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9 March 2016

In this recurring column, we highlight a few items we've run across that don't merit a full story of their own but are interesting enough to bring to your attention (with more than 140 characters). This time we look at Iran, a total eclipse, smartphone image quality and McNally's portrait of Leo "Bud" Welch.

  • In Iran, Up Close, Though Far Away, James Estrin interviews Hossein Fatemi, whose project An Iranian Journey, earned Fatemi the World Understanding award in the Pictures of the Year International contest last month. He's lived in exile since the 2013 publication of that project but enlisted eight of his former students to work on A Journey Inside, a documentary project on Iranian social issues. With one caveat. "“I chose a subject that would not cause them to be arrested or get into any trouble if they were published," Fatemi said.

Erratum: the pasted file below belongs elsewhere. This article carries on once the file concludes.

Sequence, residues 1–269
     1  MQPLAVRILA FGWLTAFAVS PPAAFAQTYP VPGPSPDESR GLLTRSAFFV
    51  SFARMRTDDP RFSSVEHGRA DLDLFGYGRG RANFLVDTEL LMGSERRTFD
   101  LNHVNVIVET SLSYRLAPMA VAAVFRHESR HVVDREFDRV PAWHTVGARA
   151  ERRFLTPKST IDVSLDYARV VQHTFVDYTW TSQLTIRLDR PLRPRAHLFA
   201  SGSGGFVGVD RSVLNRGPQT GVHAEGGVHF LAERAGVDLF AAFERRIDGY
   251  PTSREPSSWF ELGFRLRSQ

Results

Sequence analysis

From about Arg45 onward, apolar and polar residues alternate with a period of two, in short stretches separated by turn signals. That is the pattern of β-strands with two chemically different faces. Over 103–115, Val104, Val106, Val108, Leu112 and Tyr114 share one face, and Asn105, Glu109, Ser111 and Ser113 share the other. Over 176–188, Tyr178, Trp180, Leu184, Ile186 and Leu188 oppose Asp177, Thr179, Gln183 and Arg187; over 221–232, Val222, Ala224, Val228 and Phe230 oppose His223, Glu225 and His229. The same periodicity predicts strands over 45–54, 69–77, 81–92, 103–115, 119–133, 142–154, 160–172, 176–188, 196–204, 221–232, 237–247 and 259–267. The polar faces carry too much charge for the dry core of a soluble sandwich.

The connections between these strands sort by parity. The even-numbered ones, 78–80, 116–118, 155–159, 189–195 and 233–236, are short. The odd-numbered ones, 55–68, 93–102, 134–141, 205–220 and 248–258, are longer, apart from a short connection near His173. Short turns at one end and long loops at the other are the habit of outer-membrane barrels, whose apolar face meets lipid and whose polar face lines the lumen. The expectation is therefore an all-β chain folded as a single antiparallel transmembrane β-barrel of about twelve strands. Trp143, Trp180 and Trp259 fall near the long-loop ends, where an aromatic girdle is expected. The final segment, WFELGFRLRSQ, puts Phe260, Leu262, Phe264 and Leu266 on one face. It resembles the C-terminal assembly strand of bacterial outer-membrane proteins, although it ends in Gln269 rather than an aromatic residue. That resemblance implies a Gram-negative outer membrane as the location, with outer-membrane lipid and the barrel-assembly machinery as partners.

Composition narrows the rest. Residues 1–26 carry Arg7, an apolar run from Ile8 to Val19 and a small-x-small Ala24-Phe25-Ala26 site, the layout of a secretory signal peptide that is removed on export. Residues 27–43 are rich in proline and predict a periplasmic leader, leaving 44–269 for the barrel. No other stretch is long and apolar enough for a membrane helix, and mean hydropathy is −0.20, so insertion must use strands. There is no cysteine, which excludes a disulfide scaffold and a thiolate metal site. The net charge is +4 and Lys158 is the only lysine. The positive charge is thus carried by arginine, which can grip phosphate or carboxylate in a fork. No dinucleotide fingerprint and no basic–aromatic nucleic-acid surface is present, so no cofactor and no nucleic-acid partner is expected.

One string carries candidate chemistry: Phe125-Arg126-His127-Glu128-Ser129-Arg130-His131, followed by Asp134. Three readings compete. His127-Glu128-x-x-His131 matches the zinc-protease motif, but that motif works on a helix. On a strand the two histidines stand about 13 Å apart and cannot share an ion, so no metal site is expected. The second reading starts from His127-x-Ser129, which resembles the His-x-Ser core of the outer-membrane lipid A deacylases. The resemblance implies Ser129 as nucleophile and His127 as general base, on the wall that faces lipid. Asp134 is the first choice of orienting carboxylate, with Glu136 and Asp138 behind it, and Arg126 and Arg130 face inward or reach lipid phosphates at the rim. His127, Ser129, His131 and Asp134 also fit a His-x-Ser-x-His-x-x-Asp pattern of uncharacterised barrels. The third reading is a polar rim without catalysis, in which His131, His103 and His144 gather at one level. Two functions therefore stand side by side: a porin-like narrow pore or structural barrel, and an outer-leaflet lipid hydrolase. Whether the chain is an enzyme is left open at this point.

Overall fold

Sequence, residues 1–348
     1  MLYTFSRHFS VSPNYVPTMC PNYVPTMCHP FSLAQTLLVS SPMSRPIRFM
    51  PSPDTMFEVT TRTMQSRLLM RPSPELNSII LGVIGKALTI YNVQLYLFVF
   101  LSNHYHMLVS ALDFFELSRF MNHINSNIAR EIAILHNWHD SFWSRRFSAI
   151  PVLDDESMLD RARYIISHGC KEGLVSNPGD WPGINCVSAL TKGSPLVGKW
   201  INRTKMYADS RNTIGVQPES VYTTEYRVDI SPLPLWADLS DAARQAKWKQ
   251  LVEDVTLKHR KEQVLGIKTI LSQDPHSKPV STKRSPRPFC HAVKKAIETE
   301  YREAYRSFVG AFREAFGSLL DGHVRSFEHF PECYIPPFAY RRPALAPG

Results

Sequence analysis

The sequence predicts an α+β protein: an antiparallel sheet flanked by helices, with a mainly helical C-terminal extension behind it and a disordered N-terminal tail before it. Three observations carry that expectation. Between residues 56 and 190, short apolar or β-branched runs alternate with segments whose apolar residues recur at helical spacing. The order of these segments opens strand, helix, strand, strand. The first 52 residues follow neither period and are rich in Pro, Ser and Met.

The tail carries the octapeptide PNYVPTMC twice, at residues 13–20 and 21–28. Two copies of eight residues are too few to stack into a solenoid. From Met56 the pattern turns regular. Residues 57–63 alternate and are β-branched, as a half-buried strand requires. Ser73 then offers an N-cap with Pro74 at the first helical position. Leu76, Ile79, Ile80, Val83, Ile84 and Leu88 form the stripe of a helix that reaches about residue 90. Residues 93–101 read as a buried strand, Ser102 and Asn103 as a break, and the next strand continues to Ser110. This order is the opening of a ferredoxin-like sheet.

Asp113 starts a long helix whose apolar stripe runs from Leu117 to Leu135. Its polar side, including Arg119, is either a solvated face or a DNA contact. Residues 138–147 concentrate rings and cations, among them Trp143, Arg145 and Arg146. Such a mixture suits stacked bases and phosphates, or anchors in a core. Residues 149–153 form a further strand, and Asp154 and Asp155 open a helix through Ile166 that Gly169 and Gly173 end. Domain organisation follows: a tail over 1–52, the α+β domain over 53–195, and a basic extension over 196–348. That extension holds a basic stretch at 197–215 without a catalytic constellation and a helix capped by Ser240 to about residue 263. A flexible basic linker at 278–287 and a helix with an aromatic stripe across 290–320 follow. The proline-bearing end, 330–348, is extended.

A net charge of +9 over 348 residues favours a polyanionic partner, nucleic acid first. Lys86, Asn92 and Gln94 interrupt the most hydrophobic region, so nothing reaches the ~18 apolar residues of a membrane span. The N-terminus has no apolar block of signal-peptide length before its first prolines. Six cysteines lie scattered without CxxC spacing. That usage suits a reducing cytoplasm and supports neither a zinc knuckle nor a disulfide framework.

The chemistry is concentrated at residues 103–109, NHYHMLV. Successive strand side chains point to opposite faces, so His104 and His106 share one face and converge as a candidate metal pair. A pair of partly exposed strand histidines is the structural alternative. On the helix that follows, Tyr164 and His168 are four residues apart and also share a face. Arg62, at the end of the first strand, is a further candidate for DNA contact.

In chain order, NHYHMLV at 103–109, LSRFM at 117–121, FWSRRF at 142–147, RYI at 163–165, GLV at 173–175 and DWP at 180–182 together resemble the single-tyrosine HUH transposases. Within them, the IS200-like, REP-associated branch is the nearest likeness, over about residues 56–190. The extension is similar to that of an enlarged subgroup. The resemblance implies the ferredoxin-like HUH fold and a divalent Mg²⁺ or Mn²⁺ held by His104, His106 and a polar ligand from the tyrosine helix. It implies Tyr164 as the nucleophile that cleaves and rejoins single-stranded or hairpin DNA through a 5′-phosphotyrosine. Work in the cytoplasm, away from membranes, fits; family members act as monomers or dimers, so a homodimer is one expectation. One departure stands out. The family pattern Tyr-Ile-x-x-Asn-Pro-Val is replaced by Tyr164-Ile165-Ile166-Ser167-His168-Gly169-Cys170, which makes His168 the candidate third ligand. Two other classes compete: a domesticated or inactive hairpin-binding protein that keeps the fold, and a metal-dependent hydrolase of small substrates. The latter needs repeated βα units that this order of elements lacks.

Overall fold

• Japanese satellite Himarawri provided a different angle on yesterday's total eclipse of the sun, which (you know) is what photographers are always chasing:
  • Daniel Bader reports on iMore and Android Central image quality tests among the iPhone 6s Plus, Galaxy S7, iPhone 6 Plus and Galaxy S6. The remarks in the conclusion rebut the headline but you can always use your own eyes. What they're really evaluating, it seems, is more the way the phones render JPEGs than the camera performance itself.
  • In Parsing a Scene With Lenses, Joe McNally photographs blues guitarist Leo "Bud" Welch at the Rockwood Music Hall on Allen St. in New York City. But not with an iPhone. He uses a 24-70mm, 35mm and 85mm lens with SB910 Speedlights to create an intimate and dramatic portrait of the artist.

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